SUMMARY OF THE INVENTION

The biocidal compositions of the present invention comprise, as active ingredients, 1) diiodomethyl-p-tolylsulfone (DIMPS) and 2) bis trichloromethyl sulfone (BTCMS). These constituents are commercially available. The synergistic effect obtained by combining DIMPS and BTCMS has not been previously disclosed.

DETAILED DESCRIPTION OF THE INVENTION

Surprisingly, the present inventors have found that mixtures of DIMPS and BTCMS are especially efficacious in controlling the growth of fungal microbes, specifically the Trichoderma viride species. This particular species is a common nuisance fungal type found in industrial cooling waters and pulping and paper making systems.

This particular species of mold is a member of the Fungi Imperfecti which reproduce by means of asexual spores or fragmentation of mycelium. It is commonly found on fallen timber and is a widely occurring soil organism. Because of its ubiquitous nature, this mold continually contaminates open cooling systems and pulping and papermaking systems. Contamination can take the form of airborne spores or fungal mats--a mass of agglomerated hyphae bound together with bacterial cells and cemented by gelatinous polysaccharide or proteinaceous material. The slimy mass entraps other detritus, restricts water flow and heat transfer and may serve as a site for corrosion.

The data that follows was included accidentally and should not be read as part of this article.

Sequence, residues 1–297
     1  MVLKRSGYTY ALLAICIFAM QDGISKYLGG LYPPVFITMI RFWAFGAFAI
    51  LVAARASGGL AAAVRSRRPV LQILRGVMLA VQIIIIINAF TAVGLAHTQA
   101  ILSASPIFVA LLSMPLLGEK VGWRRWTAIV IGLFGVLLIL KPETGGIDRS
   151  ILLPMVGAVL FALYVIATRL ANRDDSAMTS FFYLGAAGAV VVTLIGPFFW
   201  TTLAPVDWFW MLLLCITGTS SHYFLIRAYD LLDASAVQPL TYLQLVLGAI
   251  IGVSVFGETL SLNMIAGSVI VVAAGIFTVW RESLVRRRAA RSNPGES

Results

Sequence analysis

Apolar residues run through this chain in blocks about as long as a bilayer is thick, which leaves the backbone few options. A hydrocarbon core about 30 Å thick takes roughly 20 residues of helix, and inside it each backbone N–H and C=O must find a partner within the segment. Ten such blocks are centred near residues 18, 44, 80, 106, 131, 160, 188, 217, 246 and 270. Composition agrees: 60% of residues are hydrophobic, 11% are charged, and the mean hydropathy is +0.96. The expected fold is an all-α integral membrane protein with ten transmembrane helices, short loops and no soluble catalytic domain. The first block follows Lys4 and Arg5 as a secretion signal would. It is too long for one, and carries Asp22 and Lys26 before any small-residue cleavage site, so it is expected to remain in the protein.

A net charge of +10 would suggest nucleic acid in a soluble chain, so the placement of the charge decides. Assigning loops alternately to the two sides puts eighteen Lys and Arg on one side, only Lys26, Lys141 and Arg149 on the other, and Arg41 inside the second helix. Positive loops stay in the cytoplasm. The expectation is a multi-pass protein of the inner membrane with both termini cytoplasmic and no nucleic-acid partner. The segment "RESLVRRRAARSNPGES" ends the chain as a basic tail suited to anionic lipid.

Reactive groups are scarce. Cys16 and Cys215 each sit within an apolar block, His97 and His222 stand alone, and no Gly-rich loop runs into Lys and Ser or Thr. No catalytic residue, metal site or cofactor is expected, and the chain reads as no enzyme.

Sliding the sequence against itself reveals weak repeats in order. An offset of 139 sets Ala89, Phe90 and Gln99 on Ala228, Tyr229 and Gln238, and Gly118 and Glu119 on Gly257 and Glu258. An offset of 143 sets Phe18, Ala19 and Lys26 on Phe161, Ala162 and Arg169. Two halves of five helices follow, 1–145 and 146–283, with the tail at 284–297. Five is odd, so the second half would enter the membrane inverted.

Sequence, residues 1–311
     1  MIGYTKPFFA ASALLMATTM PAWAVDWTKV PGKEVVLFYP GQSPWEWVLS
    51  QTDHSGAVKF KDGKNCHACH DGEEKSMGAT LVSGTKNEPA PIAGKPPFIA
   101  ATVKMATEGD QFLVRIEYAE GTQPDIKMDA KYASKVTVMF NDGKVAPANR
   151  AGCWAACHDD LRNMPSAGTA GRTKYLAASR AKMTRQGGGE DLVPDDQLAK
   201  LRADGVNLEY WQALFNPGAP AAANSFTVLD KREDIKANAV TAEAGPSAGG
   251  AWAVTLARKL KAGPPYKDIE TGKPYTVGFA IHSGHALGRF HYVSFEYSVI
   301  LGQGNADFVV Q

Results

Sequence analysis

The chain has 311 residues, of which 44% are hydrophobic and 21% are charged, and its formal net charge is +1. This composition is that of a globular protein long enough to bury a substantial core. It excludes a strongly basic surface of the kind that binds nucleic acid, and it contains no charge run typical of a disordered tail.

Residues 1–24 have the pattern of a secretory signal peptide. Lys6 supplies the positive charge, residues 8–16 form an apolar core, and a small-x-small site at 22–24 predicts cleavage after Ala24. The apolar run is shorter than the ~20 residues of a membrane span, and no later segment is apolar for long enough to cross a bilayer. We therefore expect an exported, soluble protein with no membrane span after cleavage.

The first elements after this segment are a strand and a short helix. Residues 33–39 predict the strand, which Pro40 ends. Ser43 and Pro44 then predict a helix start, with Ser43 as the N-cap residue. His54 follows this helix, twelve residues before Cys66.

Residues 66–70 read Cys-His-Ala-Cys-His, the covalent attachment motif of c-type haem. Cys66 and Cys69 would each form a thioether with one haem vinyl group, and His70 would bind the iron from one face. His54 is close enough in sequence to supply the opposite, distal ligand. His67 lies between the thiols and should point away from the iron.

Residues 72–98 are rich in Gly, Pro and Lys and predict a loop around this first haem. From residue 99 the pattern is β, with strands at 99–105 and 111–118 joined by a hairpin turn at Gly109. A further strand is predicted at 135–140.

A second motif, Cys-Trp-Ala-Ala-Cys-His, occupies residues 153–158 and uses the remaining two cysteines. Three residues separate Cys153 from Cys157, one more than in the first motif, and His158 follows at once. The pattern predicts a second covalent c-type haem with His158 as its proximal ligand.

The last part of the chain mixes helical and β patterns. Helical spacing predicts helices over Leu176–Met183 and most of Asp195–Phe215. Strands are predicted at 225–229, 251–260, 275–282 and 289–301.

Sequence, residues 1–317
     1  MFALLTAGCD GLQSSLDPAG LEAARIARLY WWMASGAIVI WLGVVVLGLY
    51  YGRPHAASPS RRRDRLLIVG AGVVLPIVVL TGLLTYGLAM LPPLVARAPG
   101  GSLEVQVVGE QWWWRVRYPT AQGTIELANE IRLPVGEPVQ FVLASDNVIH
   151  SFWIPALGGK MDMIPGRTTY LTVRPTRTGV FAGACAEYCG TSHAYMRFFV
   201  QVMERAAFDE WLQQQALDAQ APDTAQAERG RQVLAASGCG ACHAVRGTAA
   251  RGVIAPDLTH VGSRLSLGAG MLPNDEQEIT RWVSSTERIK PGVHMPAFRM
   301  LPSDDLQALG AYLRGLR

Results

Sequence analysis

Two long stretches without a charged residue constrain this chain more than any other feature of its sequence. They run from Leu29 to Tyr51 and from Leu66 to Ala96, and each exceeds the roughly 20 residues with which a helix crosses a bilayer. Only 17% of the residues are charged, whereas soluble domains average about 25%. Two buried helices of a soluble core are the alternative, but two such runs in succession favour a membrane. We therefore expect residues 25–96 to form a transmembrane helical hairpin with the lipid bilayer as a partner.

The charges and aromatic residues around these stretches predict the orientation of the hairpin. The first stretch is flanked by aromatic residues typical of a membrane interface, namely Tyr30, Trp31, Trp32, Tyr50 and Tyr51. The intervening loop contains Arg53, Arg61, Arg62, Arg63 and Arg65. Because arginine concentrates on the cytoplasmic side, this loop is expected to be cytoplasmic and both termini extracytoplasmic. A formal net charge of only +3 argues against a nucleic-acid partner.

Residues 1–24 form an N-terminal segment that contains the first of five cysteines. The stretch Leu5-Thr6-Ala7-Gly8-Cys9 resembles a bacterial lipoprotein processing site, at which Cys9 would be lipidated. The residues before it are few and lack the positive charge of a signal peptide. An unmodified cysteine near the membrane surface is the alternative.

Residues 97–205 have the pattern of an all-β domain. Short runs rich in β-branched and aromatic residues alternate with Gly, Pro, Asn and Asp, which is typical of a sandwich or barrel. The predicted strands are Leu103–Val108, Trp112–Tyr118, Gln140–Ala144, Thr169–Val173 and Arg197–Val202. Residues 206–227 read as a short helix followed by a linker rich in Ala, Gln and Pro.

These fungi are able to grow in environments hostile to other lifeforms. While they are strict aerobes, Trichoderma produce both hyphae, the vegetative structure, and spores which require minimal metabolic turnover and are able to withstand harsher environmental conditions. Accordingly, by reason of demonstrated efficacy in the growth inhibition of this particular species, one can expect similar growth inhibition attributes when other fungi are encountered. It is also expected that these compositions will exhibit similar growth inhibition attributes when bacterial and algal species are encountered.

In accordance with the present invention, the combined DIMPS and BTCMS treatment may be added to the desired aqueous system in need of biocidal treatment, in an amount of from about 0.1 to about 200 parts of the combined treatment to one million parts (by weight) of the aqueous medium. Preferably, about 5 to about 50 parts of the combined treatment per one million parts (by weight) of the aqueous medium is added.